Letter: Price best determines overall value of resources
Published: Wednesday, February 10, 2010 3:50 PM EST
To the Editor:
In a free market, prices convey information. Since our markets -- though heavily regulated -- still have an essence of freedom, the prices we pay in the checkout line tell a story in themselves.
By purchasing one item instead of another, the consumer sets the value for labor, capital and natural resources. And as our preferences change, so do prices.
When the demand for corn increases, price of corn and the price of farmland that produces corn also increase. This readjustment of prices in conjunction with consumer demand happens continually. And it directs and redirects resources from goods in relatively low demand to goods in relatively high demand. Economists call this process equilibration.
It follows that when two comparable goods are priced differently, the higher-priced good is produced by resources that are valued higher than the resources used in the lower-priced good. Sure, there are exceptions, but the process of equilibration works to bring them back in line.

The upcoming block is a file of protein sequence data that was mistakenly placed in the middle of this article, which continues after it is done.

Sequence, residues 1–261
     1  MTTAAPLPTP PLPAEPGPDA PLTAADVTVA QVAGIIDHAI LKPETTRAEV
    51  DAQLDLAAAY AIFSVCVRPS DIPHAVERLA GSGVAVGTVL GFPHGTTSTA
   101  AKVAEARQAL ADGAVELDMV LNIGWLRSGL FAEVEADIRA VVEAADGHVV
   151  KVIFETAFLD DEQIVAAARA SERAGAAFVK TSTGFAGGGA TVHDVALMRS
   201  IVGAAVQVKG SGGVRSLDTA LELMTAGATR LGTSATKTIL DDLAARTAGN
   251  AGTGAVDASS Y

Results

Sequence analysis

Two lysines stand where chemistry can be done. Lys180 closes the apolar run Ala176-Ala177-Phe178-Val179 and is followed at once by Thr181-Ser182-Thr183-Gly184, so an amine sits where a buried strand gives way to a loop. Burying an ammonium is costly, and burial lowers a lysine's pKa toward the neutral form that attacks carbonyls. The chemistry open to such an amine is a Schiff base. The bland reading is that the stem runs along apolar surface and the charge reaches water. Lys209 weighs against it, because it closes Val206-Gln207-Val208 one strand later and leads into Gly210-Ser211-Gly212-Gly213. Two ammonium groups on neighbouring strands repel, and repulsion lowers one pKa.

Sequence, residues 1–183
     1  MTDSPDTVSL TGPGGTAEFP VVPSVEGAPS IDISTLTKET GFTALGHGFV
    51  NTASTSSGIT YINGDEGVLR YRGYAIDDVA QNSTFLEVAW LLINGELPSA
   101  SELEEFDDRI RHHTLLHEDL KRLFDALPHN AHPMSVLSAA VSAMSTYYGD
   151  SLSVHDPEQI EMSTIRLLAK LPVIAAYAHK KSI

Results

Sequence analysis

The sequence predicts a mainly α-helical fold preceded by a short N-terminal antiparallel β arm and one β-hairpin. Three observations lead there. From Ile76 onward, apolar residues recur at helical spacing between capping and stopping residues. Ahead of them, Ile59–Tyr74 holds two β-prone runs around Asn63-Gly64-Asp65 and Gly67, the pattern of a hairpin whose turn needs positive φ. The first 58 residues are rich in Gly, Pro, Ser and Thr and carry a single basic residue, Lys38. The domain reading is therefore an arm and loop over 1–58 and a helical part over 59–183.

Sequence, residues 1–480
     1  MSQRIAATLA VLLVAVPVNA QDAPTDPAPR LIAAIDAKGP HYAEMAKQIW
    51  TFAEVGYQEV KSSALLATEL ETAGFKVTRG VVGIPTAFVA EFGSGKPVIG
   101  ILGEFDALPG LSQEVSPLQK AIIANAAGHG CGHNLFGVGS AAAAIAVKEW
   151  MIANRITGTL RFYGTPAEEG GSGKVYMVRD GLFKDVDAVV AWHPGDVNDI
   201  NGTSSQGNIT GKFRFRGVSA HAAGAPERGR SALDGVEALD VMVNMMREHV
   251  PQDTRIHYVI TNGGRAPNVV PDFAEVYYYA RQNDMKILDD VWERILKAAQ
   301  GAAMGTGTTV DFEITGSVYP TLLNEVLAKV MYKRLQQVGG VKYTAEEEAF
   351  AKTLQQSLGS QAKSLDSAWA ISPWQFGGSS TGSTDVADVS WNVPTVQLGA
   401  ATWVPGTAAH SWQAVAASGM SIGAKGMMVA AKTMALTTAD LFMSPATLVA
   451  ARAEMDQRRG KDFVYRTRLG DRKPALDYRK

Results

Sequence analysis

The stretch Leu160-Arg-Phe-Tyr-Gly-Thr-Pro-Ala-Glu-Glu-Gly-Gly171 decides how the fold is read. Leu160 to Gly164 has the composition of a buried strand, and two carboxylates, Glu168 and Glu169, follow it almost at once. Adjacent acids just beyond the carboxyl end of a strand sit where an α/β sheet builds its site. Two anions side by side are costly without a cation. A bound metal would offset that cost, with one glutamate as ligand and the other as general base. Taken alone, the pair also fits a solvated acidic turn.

The price of a good tells the story of the value of the resources used to produce that good.
This is important information. Why? When your goal is to go green, and you do so by purchasing products that are priced higher than their supposedly non-green alternative, you may want to think before you buy.
The reason most green items are priced higher than their comparable non-green alternatives is that the production of these green items consumes more valuable resources than those consumed by their non-green alternatives. This is true despite the reuse of materials in green products.
How can this be so? The reuse of materials is itself not resource free. So the reuse of post-consumer materials requires the use of additional resources, in many instances more resources than were "saved" through reuse -- as indicated by the price tag.
If you look only at the post-consumer content of a product and ignore its price, you are missing the value of all those additional resources consumed.
So while you may think you are helping the environment by going green and going expensive, you are actually doing the opposite.
When faced with choices, as the economist Ludwig von Mises showed years ago, let prices be your guide.